For further information on registering for Self-Assessment, visit http://www.hmrc.gov.uk/sa/register.htm or call us to for professional advice.


Finally…Let’s Look at Some Examples

Earners in Household


Child Benefit After Tax Charge (Annual Amount Based on Family with 2 Children)





(£20.30 for the eldest child weekly + £13.40 for the second child weekly)

As there is 1 earner with less than £50,000 income, there is no tax charge on the child benefit received.




The family can keep some of the benefit, however, must pay back 1% of every £100 earned above the £50,000 threshold.

In this example, the charge is 50% of the total benefit, totalling £876


Earner 1 £48,000

Earner 2 £37,000


Although the couple’s combined income is over £50,000 they are entitled to keep all of their Child Benefit as neither individually earns over the £50,000 threshold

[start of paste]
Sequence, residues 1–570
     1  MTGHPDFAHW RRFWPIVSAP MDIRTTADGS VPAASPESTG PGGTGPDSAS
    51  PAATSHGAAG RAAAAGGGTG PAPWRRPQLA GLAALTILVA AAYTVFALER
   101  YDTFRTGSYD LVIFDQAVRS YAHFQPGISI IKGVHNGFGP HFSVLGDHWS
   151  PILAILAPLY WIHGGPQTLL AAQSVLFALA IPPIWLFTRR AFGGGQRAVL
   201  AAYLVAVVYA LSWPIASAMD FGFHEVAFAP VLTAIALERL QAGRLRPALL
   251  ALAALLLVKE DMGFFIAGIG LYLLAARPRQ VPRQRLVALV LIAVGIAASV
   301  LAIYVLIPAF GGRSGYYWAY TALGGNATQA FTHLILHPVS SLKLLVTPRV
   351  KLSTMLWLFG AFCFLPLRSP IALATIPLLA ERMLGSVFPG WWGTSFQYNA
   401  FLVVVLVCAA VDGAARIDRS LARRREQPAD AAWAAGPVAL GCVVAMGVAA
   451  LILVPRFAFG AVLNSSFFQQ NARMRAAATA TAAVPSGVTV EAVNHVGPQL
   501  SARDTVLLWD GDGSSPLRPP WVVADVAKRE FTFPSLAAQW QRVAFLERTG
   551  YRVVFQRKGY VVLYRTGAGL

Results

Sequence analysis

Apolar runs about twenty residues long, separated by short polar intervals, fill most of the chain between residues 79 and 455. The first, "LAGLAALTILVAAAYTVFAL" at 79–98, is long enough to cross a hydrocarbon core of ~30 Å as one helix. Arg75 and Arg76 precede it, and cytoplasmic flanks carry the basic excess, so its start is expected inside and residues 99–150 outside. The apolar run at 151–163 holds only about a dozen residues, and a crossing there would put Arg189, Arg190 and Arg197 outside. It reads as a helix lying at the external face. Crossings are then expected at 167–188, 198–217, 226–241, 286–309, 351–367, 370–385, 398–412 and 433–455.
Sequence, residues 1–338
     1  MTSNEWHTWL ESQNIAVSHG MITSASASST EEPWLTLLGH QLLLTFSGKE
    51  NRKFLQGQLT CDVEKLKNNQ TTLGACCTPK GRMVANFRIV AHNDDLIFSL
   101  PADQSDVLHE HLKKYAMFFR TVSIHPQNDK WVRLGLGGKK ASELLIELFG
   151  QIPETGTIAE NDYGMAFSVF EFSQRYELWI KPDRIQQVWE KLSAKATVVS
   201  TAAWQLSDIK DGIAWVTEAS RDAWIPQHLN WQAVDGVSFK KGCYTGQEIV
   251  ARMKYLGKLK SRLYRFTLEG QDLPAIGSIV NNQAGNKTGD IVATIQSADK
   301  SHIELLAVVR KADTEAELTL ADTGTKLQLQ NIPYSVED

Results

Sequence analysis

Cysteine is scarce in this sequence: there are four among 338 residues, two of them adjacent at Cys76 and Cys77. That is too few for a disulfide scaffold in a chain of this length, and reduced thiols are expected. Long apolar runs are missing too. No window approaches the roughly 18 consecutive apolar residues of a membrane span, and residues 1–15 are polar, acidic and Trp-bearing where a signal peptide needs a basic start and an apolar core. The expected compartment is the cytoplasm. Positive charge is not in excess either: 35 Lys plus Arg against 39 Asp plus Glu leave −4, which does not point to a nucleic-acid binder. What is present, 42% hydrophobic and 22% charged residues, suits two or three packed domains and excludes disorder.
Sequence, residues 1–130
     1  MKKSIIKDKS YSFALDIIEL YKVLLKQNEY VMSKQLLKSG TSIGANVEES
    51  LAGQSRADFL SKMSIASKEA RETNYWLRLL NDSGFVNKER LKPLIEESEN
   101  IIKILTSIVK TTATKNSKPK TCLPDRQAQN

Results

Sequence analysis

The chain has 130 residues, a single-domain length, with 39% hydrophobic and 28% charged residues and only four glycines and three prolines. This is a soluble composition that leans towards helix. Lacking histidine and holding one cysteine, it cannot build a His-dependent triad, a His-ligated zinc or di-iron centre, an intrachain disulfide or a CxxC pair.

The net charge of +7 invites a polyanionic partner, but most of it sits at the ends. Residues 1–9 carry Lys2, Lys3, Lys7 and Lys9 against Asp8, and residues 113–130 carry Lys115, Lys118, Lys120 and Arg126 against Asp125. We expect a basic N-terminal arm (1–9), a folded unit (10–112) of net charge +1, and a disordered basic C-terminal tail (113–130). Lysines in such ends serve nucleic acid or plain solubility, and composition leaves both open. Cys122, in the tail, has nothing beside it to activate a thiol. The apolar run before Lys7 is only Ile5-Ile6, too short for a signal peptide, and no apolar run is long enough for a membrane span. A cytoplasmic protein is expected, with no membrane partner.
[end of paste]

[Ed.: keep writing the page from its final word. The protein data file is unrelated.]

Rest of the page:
Earner 1: £61,000

Earner 2: £64,000


Earner 2 would be charged the additional Tax as it’s applied to whoever earns the most. As the highest earner has an income of over £60,000 the tax charge will be equivalent to their entire child benefit entitlement.


Further Information

For further information on Child Benefit, visit http://www.hmrc.gov.uk/childbenefit/index.htm or to get an estimate of how much tax the person with the highest income in your family may have to pay, visit https://www.gov.uk/child-benefit-tax-calculator.

Alternatively, contact us to discuss any queries you may have on 07508 261724 or email Info@1ca.co.uk